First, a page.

Linking Prisoner Radicalization and Terrorism: The JIS Case

Sidebar to the article Prisoner Radicalization: Assessing the Threat in U.S. Correctional Institutions by Mark S. Hamm, Ph.D.

JIS recruitment strategy: Tradional American Islam to Pious Prison Islam to Prison Gang to Street Gang to International Jihad Mo

JIS Recruitment Strategy

NIJ image (see reuse policy).

The link between prisoner radicalization and terrorism can be seen in the JIS case, particularly in the way the group recruited and operated. JIS began with a traditional form of American Islam (Nation of Islam). This was used to create an alternative religious vision expressed in a pious but mutating form of Sunni-inspired "Prison Islam," which encompasses gang values and fierce intra-group loyalties based on "cut-and-paste" interpretations of the Koran.[1] This vision provided JIS members with identity, meaning and a form of collective resistance.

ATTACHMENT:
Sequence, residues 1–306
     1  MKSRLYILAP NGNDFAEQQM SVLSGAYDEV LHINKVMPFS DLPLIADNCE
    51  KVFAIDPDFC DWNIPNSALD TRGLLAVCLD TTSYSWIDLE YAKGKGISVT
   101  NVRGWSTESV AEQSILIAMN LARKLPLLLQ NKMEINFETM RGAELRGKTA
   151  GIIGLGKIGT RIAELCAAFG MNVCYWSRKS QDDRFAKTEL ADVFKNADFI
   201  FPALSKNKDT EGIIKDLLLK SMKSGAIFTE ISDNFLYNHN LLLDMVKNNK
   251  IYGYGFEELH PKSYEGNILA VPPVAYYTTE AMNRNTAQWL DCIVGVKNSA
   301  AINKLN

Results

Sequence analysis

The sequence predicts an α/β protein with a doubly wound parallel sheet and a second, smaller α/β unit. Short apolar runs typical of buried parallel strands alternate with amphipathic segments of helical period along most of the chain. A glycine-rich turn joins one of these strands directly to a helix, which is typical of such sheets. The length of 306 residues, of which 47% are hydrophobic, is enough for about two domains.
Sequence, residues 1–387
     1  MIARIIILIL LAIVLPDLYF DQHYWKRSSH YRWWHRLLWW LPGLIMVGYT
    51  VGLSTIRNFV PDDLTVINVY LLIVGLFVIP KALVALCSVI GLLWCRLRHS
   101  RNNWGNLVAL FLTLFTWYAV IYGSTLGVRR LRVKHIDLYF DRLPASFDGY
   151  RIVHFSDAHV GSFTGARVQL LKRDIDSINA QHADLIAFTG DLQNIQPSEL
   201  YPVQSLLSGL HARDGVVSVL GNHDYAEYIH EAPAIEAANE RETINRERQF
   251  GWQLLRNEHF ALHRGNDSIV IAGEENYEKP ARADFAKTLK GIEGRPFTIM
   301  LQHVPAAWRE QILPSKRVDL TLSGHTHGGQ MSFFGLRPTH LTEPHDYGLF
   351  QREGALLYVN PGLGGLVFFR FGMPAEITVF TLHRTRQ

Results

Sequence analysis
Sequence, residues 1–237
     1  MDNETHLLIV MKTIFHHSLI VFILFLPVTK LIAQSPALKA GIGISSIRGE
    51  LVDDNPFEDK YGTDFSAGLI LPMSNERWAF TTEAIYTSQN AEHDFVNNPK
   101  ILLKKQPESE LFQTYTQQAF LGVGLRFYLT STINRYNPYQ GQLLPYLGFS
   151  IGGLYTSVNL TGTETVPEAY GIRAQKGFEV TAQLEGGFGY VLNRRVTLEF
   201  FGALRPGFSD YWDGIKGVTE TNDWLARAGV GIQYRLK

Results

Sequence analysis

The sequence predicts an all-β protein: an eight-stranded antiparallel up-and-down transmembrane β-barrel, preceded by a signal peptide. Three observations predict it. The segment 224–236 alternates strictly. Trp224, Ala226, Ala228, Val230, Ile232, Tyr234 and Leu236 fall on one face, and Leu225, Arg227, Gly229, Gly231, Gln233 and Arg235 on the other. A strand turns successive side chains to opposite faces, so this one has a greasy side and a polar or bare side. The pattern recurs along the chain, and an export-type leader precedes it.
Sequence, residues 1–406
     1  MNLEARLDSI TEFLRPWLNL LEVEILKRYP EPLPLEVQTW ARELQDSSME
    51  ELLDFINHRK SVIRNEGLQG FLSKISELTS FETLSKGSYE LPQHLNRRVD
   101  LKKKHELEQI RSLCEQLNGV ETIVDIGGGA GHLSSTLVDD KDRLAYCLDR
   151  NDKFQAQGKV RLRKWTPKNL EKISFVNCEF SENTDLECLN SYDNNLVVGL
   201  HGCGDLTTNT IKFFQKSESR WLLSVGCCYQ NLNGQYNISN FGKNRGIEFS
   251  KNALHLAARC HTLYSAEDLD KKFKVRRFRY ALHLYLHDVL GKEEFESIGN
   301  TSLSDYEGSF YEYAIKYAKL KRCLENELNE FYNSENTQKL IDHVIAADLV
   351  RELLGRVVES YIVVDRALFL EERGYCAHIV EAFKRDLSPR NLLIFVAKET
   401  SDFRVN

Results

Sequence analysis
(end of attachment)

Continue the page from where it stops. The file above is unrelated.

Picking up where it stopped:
So powerful was the attachment to this form of Prison Islam that two JIS devotees — members of rival gangs — were able to overcome past grievances, thus fusing JIS's spiritual identity to its gang history. While on parole, one of the devotees took the group's terrorist plot to the community and turned to a street gang for firearms. Additional members were recruited from the international jihad movement inspired by the war in Iraq. All the while, the JIS plot continued to be directed by its charismatic leader, who remained incarcerated in maximum-security custody.


[note 1]Knox, G.W., "Melanics: A Gang Profile Analysis," Journal of Gang Research 9 (2002): 1-76.

Date Created: October 27, 2008